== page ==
November 7, 1862
The Inspector General of the Army of Northern Virginia, Col. Edwin J. Harvie, inspected the Texas Brigade.  Harvie noted that all five regiments of the Texas Brigade were badly clothed and shod, and 440 men (roughly one-third of the brigade at the time) were barefooted. The First Texas was the worst clothed.

Historian Col. Harold B. Simpson retold this anecdote: “While reviewing his army in the presence of Col. Wolseley, an observer from the British Anny, who chanced to remark how t'agged were seats of the pants of the Texas Brigade, Lee quickly retorted, ‘Never mind their raggedness, Colonel, the enemy never sees the backs of my Texans.’ "

December 1, 1862 --  From the regimental diary 1st Texas
Spent the early part of December drilling, picketing the Rappahannock, and building breastworks along its position near Fredericksburg. The weather was cold, and picket duty -- without adequate clothing and footwear -- was miserable.

Page 7 of Levi’s records covers Nov.-Dec. of 1862, and includes the Battle of Fredericksburg, Dec. 11-15, 1862. 

December 14, 1862 -- From the regimental diary 1st Texas
Shortly after the Federal withdrawal from Fredericksburg, the Confederates reoccupied the pillaged and desolate town. The fields and streets were filled with dead and wounded Federals. Burial parties hastily interred the Federal dead after taking from them those items no longer needed. As the dead were being buried, the citizens of Fredericksburg slowly returned to their ruined town. Many were destitute, and the soldiers of Lee's army generously contributed what food, clothing, and money they could spare to alleviate the civilians' suffering. The Texas Brigade alone contributed $5945 in return for the kindnesses the people of Virginia had bestowed upon them.

1863 -- Gettysburg, Chickamauga, and the Tennessee Sieges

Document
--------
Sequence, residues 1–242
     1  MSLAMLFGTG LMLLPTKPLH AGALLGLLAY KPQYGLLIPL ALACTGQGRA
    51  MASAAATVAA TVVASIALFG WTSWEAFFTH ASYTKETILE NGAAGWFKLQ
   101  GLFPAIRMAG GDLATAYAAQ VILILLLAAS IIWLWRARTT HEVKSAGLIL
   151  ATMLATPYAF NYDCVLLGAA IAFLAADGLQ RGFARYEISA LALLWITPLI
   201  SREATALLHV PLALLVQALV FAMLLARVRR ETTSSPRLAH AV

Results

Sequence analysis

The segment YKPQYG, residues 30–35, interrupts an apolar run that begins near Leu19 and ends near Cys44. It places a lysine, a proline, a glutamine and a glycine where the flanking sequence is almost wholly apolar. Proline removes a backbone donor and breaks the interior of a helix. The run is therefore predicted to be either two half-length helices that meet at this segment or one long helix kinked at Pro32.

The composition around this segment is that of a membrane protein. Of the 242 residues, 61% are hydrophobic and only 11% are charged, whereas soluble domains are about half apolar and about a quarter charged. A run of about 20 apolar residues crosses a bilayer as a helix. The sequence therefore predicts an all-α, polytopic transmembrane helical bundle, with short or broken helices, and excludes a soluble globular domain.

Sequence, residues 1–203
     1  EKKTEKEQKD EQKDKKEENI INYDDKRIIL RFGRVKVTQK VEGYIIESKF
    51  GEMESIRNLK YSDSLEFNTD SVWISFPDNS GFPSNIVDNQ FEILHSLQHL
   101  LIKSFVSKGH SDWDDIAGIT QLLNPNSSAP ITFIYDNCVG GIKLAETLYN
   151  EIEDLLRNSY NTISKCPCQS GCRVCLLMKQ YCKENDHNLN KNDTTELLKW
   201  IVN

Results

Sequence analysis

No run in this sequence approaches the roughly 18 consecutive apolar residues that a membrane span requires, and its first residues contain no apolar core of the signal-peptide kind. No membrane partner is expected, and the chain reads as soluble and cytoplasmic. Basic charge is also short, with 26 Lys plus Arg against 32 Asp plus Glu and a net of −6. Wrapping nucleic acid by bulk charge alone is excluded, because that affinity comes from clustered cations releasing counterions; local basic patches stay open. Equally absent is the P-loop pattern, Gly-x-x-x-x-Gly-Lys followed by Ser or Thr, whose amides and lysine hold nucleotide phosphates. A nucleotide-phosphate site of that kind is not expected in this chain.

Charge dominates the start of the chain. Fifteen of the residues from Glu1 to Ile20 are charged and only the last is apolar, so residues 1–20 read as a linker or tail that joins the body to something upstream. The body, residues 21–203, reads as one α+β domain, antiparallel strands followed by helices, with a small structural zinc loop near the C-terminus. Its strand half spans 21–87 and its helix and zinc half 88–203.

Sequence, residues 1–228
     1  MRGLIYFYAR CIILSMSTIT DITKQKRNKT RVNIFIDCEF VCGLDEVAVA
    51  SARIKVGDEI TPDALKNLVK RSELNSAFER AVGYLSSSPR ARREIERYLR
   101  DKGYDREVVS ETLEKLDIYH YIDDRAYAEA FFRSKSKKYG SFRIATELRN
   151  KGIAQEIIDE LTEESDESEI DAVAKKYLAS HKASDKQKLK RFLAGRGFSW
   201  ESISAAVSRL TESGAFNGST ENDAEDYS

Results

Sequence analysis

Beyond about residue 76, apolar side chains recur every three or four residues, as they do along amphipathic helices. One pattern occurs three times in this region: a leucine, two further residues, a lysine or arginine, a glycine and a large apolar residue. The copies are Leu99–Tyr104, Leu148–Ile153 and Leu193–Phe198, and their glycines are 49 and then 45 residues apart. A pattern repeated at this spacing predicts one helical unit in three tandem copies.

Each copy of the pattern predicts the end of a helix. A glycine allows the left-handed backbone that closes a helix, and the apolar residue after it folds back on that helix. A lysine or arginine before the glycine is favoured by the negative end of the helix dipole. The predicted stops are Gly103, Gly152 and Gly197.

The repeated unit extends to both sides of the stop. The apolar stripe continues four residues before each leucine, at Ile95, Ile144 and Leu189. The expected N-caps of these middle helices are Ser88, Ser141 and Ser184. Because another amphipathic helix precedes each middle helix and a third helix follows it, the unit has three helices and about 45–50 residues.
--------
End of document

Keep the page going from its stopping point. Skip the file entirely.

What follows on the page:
March 10, 1863  -- From the regimental diary 1st Texas
The Ladies Aid Society of Austin donated their $925.30 profit from a recent tableaux to the brigade. With the inflated prices of goods in the Richmond area, that sum hardly bought a cup of coffee per man.

April 30-May 6, 1863, Levi was engaged in the Battle of Chancellorsville, where Stonewall
Jackson was killed (documented on Page 10 of his military records).  Lee’s Gettysburg Campaign began in June and culminated in the Battle of Gettysburg on July 1-3, ending with Lee’s retreat on July 4.  Pages 10 and 11 of Levi’s military records cover this period. 

The most dramatic and courageous action seen by the 1st Texas Infantry (and our Levi) took place on July 2, 1863, and began around 9:00 a.m. when they took their position on Seminary Ridge.  On that day they achieved their main objectives in taking the Devil’s Den and Houck’s Ridge.  Photographers Alexander Gardner and Timothy O’Sullivan , who called it the “Valley of Death”, immortalized the legendary battle in the Devil’s Den through their moving photographs.  Levi descended into the Valley of Death, the Devil’s very Den and lived to return.

July 14, 1863  -- From the regimental diary 1st Texas
At dawn on the 14th the brigade crossed the Potomac under the eye of General Lee. Each soldier bared his head. There was no salute, no cheer and no word was spoken as the men marched silently by General Lee.

September - November, 1863 -- From the regimental diary 1st Texas
Assigned Texas Brigade, Hoods Division, Longstreet's Corps, Army of Tennessee

After Gettysburg, John Bell Hood and his Texans were temporally detached from the Army of Virginia and participated in the Battle of Chickamauga in southeastern Tennessee on Sept. 18-20, 1863 (covered in Page 12 of his military records).  There were 18,454 Confederate casualties, including 2,312 killed.  These were the highest of any battle in the Western Theatre and second only to Gettysburg in the entire War.  Gen. John Bell Hood, commander of the Texas Brigade, who had already lost the use of his left arm at Gettysburg, suffered a bullet wound in his leg that required amputation.  While the Confederates won, their losses were more than they could afford.

October 15, 1863 -- From the regimental diary 1st Texas
Entrenched a mile and a half of the Northern side of Lookout Mountain. Short of food. The men are receiving an unvarying diet of musty corn, blue beef, and contaminated water, which left many of the men sick with diarrhea.
                  After the Battle of Chickamauga, the 1st Texas was part of two major sieges – Chattanooga (September-November 1863), and Knoxville (November-December 1863).